ii. Loose leaf Book Index (or) Vertical Card Index: Loose sheets are used for indexing and the fastened are metal rings or hinges or some other device which allows the pages to be taken out and also helps in insertion of additional pages. This type of index is also fitted with a lock. It is very much used by the commercial banks and the joint stock companies for keeping the records of their customers, shareholders and debenture holders.
Loose Leaf Indexing is flexible and adaptable to different users. It offers ample scope for expansion with the main drawback of loss or damages.
· It is very cheap and simple method.
· It requires less space.
· It can be carried from one place to another.
· A strict alphabetical arrangement of names on each page may not be possible.
· Names must be deleted once they are no longer of any use. This may present a shabby appearance.
· It is an inflexible system of indexing, scope for further entries even in case of loose leaf index is limited.
iii. Vowel Indexing: In case where the number of correspondents is very large the alphabetical indexing is further classified. The names of the correspondents are entered on one page or the other according to the letter with which his name begins and first vowel in his name. This sort of indexing is known as “Vowel Indexing”. E.g. AShika the first vowel in the name is “I”. It will be classified under “Ai”
(b) Card Index: Under this method references are entered on the cards of uniform size. These cards bear the names, number of the files and other particulars to be indexed. Cards are arranged in either alphabetical or numerical order and are place in drawers or boxes which may have a rod running from one ending to the other end for holding cards in their places. These drawers are divided into alphabetical sections by means of guide cards.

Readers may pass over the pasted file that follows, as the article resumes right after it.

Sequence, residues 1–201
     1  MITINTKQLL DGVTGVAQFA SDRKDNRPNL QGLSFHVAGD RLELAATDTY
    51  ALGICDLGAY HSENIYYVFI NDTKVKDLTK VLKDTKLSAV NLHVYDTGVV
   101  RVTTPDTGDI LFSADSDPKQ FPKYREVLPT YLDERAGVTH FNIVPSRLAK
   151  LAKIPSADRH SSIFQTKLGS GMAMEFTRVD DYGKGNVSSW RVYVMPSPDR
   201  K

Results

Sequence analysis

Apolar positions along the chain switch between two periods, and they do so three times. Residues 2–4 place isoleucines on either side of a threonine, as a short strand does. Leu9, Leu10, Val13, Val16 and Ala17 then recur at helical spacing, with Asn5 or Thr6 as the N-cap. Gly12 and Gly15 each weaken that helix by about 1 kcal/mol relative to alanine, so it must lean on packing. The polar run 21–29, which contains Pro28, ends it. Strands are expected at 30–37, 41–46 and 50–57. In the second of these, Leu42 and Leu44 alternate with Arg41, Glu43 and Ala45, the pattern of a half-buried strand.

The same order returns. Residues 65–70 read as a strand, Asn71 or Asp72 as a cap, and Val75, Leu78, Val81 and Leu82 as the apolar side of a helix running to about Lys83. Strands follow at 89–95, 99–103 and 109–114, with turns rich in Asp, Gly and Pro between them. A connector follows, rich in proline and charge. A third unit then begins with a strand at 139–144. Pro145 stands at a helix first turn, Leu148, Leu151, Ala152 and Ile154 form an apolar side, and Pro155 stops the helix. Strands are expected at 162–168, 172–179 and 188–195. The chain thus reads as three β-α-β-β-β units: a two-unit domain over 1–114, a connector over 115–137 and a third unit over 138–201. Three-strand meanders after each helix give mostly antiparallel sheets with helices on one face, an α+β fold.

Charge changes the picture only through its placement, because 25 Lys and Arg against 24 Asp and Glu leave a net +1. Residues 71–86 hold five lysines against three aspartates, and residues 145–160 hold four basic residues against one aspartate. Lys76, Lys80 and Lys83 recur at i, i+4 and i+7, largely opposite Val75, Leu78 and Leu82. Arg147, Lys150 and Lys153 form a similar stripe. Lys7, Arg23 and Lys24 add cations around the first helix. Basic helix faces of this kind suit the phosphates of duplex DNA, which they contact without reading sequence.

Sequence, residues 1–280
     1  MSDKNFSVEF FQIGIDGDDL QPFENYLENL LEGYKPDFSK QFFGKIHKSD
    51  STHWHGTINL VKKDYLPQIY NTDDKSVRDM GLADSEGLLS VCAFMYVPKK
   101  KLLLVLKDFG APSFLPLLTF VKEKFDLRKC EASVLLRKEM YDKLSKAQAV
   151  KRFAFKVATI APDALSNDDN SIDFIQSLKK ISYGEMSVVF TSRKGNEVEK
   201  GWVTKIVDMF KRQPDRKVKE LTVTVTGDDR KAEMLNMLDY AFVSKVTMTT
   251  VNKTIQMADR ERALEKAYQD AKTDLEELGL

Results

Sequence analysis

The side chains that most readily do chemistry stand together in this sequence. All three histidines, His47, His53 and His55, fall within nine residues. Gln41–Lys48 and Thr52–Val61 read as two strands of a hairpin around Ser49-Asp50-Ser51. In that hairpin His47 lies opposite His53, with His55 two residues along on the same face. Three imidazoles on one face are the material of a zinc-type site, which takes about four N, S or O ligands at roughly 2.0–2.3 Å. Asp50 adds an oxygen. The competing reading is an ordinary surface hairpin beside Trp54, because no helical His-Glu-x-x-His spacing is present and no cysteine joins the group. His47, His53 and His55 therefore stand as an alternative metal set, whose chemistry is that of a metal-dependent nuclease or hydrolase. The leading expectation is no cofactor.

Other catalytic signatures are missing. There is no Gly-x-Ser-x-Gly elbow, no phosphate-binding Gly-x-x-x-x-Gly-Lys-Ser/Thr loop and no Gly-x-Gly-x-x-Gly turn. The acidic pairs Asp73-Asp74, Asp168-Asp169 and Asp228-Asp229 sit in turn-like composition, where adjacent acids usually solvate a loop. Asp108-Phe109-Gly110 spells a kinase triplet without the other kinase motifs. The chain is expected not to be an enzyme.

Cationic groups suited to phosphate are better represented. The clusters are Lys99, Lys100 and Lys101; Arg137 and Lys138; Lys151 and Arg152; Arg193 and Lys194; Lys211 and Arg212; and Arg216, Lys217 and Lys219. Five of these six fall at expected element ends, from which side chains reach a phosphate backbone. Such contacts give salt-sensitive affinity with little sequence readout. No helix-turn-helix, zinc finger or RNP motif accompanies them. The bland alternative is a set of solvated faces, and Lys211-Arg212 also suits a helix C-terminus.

The purposes for which card index may be used are listed below.
· As catalogue of books in library;
· To contain specimen signatures of customers in bank.
· To contain addresses and other particulars of customers;
· To maintain accounts of store items;
· To maintain history of employees;
· To keep records of installment sales.
· The cards provide a complete list of the names, addresses and telephone numbers of the persons or the firms with whom the dealings take place.
· Each card may be ruled according to the particulars desired to be recorded.
· Ready information is available for different purposes, e.g., for knowing the number of customers in a particular territory.
· It has greater flexibility because the number of cards can be increased or decreased as desired. Cards may be grouped and re-grouped in any manner and in any order.
· The index is always alive since the dead cards are removed and transferred to dead cabinets.
· Card index can be used by a number of persons at the same time.
· There is danger of separate cards being lost by the persons who take them away from the drawers for reference.
· Ready reference may be difficult if the cards are allowed to be removed freely from the drawers.
· Card index is blind since cards are not visible at a glance.
· Card indexing is comparatively costlier than page indexing.
· Card gets torn or spoiled through constant handling. Thus, they have to be replaced from time to time.
· Cards may be substituted to commit or to conceal fraud where card ledgers are kept.
Despite these drawbacks, the system of card indexing is very elastic and simple to operate and so is used frequent by libraries, hospitals, banks (for maintaining specimen signature) and other offices (to keep credit records, staff records and so on).